New Rules Coming for Ability to Benefit
August 29th, 2022 | Blogs
August 29th, 2022 | Blogs
To reach a consensus on regulatory changes for programs authorized by Title IV of the Higher Education Act (HEA), the U.S. Department of Education recently held a series of meetings with representatives from parties who will be significantly impacted by the new regulations. While a variety of topics were discussed, negotiators reached consensus on just two topics: 90/10 and Ability to Benefit.
Ability to Benefit (ATB) is the provision in HEA which allows a person to be enrolled in a high school completion program and – at the same time – enroll in and receive federal financial aid for an HEA Title IV eligible postsecondary program (i.e., a program for which a student can receive federal financial aid). Essentially, ATB facilitates adult dual enrollment in adult and postsecondary education.
While the negotiation of ATB focused on the little-utilized state defined process, the change proposed will impact all three ATB options, i.e., testing, 6-credit hour completion, and the state process. The Department will put in place a process that requires Institutions of Higher Education (IHE) to demonstrate that the educational programs accessed via ATB are eligible career pathway programs.
To determine if programs are eligible career pathway programs, the proposed regulations use the full federal career pathway definition, first written into the Workforce Innovation and Opportunity Act of 2014 (WIOA) and now also in the Strengthening Career and Technical Education for the 21 Century Act (Perkins V), as well as HEA. The use of the same definition in the three federal laws that impact adult learners supports creating the partnerships between adult education and postsecondary education needed for a successful ATB strategy.
Eligible career pathway program: A program that combines rigorous and high-quality education, training, and other services that–
Beyond using this shared definition, the proposed regulations include a process for institutions of higher education to demonstrate that a person using ATB is enrolled in an eligible career pathway program.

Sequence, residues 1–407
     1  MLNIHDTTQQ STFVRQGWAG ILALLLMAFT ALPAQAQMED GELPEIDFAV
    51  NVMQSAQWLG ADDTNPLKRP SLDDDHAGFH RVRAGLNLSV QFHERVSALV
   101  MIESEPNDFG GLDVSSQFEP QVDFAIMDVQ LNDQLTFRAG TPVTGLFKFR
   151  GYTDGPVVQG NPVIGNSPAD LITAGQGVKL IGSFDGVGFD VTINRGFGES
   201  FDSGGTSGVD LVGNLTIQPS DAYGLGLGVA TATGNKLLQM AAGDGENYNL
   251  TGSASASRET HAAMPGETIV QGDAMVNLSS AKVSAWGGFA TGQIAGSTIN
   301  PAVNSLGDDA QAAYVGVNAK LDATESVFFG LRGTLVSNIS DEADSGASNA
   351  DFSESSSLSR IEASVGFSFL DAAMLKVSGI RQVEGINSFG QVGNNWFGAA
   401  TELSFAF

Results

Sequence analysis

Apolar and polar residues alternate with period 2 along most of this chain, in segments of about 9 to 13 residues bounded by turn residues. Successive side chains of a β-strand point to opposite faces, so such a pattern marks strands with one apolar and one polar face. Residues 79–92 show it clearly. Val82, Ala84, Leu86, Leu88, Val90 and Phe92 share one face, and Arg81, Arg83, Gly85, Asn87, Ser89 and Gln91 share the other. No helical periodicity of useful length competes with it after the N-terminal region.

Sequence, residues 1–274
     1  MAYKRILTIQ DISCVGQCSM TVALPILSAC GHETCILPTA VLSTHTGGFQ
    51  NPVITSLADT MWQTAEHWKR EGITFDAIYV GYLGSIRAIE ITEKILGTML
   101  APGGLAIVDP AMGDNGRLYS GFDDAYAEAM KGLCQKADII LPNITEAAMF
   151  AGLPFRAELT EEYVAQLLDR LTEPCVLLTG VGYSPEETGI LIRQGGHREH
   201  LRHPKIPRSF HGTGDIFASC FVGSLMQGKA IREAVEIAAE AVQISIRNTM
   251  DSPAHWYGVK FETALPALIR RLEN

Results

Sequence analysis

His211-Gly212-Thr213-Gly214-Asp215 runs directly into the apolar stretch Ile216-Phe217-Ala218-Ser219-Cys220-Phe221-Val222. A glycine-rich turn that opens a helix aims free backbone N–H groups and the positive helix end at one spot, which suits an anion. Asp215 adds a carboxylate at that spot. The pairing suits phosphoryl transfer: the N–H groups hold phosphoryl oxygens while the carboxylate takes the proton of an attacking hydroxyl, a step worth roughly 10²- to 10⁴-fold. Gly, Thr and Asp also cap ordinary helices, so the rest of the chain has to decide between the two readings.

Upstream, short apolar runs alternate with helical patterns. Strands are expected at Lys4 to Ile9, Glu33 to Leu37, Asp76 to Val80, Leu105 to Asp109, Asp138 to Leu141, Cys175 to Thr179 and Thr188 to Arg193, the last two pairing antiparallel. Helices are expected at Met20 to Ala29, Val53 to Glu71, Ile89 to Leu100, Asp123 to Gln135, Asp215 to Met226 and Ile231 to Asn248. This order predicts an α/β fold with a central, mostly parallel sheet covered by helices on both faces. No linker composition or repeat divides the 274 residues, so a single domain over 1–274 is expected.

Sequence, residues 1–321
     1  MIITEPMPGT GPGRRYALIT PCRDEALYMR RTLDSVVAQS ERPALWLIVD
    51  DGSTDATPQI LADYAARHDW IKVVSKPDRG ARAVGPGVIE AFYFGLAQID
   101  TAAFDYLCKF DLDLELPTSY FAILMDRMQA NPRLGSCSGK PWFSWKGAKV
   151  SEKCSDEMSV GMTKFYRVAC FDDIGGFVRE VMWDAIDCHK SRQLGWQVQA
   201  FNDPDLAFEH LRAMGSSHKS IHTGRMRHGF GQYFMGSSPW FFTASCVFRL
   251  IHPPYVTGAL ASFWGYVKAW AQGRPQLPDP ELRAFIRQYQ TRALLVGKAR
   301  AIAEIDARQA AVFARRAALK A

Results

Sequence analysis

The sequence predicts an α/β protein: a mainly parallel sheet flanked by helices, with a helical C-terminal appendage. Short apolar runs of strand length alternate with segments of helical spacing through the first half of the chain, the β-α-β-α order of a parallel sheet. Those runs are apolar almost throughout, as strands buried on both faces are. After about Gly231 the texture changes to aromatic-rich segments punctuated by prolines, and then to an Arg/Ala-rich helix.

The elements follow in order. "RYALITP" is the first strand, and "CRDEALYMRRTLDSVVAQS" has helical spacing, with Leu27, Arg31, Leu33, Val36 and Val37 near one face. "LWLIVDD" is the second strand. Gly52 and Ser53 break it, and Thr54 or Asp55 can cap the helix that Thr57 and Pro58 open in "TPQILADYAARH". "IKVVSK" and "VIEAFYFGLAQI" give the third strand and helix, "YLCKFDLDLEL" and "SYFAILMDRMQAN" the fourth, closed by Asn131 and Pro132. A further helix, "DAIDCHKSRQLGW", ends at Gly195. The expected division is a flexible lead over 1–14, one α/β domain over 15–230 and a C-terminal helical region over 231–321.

§668.157 Eligible Career Pathway Program.
(A) An institution demonstrates to the Secretary that a student is enrolled in an eligible career pathway program by documenting that–
1. The student has enrolled in or is receiving all three of the following elements simultaneously —
(i) An eligible postsecondary program as defined in § 668.8
(ii) Adult education and literacy activities under the Workforce Innovation and Opportunity Act as described in 34 CFR 463.30 that assist adults in attaining a secondary school diploma or its recognized equivalent and in the transition to postsecondary education and training; and
(iii) Workforce preparation activities as described in 34 CFR 463.34.
2. The program aligns with the skill needs of industries in the State or regional labor market in which the institution is located, based on research the institution has conducted, including–
(i) Government reports identifying in-demand occupations with the greatest hiring demand in the State or regional labor market;
(ii) Surveys, interviews, meetings, or other information obtained by the institution regarding the hiring needs of employers in the State or regional labor market; and.
(iii) Documentation that demonstrates direct engagement with industry.
3. The skill needs described in paragraph (a)(2) of this section align with the specific coursework and postsecondary credential provided by the postsecondary program or other required training;
4. The program provides academic and career counseling services that assist students in pursuing their credential and obtaining jobs aligned with skill needs described in paragraph (a)(2) of this section, and identifies the individuals providing the career counseling services;
5. The appropriate education is offered concurrently with and in the same context as workforce preparation activities and training for a specific occupation or occupational cluster through an agreement, memorandum of understanding, or some other evidence of alignment of postsecondary and adult education providers that ensures the secondary education is aligned with the students’ career objectives ; and
6. The program is designed to lead to a valid high school diploma as defined in § 668.16 or its recognized equivalent.
In a nutshell, the proposed process requires demonstration of:
What hasn’t changed? ATB remains the funding strategy for adult education programs offering integrated education and training in partnership with a community college for-credit program. These programs can provide access to a Pell grant and other student financial aid to cover not only tuition and fees but also living expenses.
The new rules are estimated to be in effect beginning in July 2023. Until then, the existing ATB rule continues. Moving forward, partners should review these proposed regulations and consider how they can incorporate this process of eligible career pathway design and documentation into their adult career pathway programs.